I cleared my throat.  “Do you have any cheaper trees?  Like maybe ones that aren’t so pretty and perfect? Like maybe some with a bad side or some bare spots?”
“Okay.  Well.  How much is this tree?” I asked pointing to a beautiful specimen.
“$90.  It’s 10 bucks a foot.” 
“And this tree?”
“And this one here?”
"Seventy bucks.” 
“How about this one?”
“Fifty dollars.  The yellow ribbon means it’s $50.  Like I said, it’s $10 a foot.” 
“Do you have any tree’s for $45?”
“No.  I have some 40 dollar trees.” 
HOOOOOOOOOOOOOOOONK! HOOOOOOOOOOOOOONK! I could hear my father-in-law yelling at my mother-in-law to yell at us to hurry the hell up.
"Where are the $40 trees then?” 
“Over by that fence line.” He waved at a tumbled down, covered by snow fence about 400 yards away.  Jack and I took off.  By the time he caught up with us, we’d studied the three $40 trees and picked the tallest one.  As the man lay on the ground and pulled the cord on the chain saw, I lifted the branches along the bottom up and out of his way.  Over my shoulder I could see that Judy and Larry had chosen and cut their tree, had it shook out and baled up, paid the farmer’s son and were tying it onto their car with a bright yellow nylon rope that they had remembered to bring from home.  How the hell did that happen?  Now it was just Jack and me – well – actually it was only ME that was holding up the entire family.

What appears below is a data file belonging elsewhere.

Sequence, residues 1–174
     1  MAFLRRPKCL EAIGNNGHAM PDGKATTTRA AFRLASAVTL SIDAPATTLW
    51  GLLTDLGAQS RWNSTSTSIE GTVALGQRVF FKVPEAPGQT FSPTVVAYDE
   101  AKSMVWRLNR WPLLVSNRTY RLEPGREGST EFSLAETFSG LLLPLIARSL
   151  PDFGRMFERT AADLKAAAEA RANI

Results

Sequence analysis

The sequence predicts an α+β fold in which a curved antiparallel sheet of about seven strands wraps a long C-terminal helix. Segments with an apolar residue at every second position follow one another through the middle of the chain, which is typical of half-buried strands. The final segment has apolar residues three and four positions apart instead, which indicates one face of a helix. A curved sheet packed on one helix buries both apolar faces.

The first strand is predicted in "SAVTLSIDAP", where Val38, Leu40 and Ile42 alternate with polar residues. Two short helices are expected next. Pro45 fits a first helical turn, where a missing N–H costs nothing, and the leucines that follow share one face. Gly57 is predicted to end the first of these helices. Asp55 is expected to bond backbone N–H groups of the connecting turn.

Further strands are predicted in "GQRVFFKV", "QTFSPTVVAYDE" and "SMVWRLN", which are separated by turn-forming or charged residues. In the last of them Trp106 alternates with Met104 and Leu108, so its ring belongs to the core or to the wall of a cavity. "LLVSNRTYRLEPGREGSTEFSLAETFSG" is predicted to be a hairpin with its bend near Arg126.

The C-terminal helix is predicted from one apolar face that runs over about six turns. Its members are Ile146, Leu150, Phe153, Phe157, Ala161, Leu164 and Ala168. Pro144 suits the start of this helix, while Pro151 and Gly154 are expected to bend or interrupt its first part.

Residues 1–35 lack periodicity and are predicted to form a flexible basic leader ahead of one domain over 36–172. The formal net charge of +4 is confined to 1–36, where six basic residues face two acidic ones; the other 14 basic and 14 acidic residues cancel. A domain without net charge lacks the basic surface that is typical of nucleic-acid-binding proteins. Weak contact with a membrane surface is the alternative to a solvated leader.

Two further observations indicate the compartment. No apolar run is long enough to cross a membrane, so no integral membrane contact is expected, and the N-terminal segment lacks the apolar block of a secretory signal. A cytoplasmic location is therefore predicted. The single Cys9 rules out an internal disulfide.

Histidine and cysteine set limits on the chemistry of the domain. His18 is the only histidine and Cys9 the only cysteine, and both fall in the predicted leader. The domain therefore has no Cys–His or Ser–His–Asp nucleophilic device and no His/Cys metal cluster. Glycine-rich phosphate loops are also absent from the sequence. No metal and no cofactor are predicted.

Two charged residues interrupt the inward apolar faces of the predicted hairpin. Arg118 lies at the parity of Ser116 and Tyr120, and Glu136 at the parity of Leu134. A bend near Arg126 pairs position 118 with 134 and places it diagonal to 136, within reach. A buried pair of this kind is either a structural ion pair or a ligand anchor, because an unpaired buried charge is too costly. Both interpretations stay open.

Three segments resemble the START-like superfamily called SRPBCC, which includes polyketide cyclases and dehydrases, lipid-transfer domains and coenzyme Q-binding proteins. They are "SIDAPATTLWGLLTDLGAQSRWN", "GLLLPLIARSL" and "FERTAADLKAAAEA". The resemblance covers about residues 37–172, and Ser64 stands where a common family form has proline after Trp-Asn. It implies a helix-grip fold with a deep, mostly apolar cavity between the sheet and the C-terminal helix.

Dad Bishop was now half in and half out of the car.  He was blowing the horn AND yelling.  Surprisingly, I could hear him over the chain saw.  Jack lifted tiny tree to his shoulder, looking like Paul Bunyon and strode towards the baling station.  I walked with the manager and tried to make interesting conversation about his farm and trees, but he couldn’t hear me over the horn blowing and hollering.